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Re^4: locales, encodings, collations, charsets... how can I match a given MySQL collation?

by xaprb (Scribe)
on Apr 02, 2007 at 14:12 UTC ( #607832=note: print w/ replies, xml ) Need Help??


in reply to Re^3: locales, encodings, collations, charsets... how can I match a given MySQL collation?
in thread locales, encodings, collations, charsets... how can I match a given MySQL collation?

Thanks! This is *exactly* what I'm doing currently. The only trouble is to get the le, ge, cmp etc operators to agree with MySQL's idea of whether a row is lt/gt/eq the other row.

Imagine the left-hand table has "éclair" and "ecstatic", and the right-hand table has only "ecstatic". MySQL sorts é before other 'e' values, so the merge algorithm sees "éclair" on the left and "ecstatic" on the right after fetching the first row from each table. Perl thinks "ecstatic" should come first though -- at least that's how it works with just the default collations. So the merge algorithm concludes "ecstatic" doesn't exist in the left-hand table. After this, it runs out of rows in the right-hand table and decides "éclair" doesn't exist there, then fetches the next row from the left-hand table -- and decides "ecstatic" doesn't exist in the right-hand table.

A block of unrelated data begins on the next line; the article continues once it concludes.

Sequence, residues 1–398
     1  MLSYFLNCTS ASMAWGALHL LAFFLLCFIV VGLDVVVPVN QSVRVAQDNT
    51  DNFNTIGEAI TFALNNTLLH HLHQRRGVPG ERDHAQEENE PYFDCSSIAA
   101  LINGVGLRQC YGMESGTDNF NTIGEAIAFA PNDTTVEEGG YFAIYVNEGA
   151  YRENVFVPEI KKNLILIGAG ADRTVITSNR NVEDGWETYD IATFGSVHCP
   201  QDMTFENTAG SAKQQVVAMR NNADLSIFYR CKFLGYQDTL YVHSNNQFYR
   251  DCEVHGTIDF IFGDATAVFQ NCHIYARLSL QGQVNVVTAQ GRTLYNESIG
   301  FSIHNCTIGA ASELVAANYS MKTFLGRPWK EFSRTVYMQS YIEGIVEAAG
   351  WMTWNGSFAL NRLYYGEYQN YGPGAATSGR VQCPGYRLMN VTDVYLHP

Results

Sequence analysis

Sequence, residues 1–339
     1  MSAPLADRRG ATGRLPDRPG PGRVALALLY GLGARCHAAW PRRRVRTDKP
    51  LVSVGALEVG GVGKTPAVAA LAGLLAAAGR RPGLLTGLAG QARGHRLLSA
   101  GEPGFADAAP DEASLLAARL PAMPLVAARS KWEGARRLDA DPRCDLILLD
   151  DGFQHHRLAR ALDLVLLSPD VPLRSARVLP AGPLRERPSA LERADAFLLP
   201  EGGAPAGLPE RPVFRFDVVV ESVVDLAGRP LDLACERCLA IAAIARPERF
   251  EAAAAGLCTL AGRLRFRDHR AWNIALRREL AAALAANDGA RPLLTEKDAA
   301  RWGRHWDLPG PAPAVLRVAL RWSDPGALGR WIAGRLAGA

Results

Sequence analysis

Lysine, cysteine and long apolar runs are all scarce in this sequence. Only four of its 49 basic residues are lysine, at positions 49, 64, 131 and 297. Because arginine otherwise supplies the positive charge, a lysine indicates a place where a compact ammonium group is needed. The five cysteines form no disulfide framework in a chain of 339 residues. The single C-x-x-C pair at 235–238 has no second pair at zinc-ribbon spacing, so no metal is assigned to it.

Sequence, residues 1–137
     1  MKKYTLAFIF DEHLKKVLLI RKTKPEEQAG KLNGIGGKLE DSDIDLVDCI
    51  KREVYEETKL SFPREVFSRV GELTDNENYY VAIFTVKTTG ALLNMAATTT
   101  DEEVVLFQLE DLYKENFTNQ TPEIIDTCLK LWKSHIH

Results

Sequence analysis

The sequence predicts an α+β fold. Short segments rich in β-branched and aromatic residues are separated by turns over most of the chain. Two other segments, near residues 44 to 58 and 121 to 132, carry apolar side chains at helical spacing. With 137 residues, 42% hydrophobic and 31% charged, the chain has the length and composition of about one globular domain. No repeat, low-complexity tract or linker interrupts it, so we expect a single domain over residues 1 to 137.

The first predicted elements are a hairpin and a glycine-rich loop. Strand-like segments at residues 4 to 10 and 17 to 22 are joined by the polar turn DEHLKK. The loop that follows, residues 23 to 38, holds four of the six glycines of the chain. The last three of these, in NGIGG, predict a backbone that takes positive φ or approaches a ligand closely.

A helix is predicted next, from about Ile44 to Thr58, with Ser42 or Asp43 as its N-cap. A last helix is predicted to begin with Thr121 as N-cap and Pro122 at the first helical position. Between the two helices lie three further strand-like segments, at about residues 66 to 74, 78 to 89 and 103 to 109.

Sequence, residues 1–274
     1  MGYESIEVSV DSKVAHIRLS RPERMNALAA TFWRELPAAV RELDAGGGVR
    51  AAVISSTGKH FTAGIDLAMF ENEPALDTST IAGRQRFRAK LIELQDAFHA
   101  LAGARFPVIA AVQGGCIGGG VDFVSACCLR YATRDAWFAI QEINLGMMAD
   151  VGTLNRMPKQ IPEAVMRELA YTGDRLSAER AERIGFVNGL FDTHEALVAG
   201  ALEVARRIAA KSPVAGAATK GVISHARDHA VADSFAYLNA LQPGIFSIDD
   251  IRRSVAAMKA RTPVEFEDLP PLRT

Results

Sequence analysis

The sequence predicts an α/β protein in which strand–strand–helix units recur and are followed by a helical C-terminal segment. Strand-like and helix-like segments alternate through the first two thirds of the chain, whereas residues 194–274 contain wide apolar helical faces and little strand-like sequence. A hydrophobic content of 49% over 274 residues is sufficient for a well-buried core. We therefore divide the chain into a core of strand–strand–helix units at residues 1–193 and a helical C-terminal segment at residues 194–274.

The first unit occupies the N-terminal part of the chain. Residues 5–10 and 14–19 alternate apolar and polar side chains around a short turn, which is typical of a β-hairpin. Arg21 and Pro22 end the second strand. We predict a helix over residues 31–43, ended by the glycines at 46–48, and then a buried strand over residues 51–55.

It's quite a train wreck unless I get Perl's sorting to exactly match MySQL's!


Comment on Re^4: locales, encodings, collations, charsets... how can I match a given MySQL collation?
Re^5: locales, encodings, collations, charsets... how can I match a given MySQL collation?
by roboticus (Canon) on Apr 02, 2007 at 20:37 UTC
    xaprb:

    Okay ... then perhaps MySQL can help you in a different way. I don't know if this is suitable or not, but you might create a temporary table of the columns you're comparing, and put an index on it, and insert the key fields of both tables. Then you can select from all three columns using eq (which I (perhaps falsely) presume should work well in Perl).

    So the temp table would hold the ordering, and you simply select which of the other two tables holds the match for the record...the first, the second, or both.

    It may not be a good solution for you, if speed and/or database space is limited, but it's the only thing I can think of. (I know diddly-squat about fancy collation sequences....)

    ...roboticus

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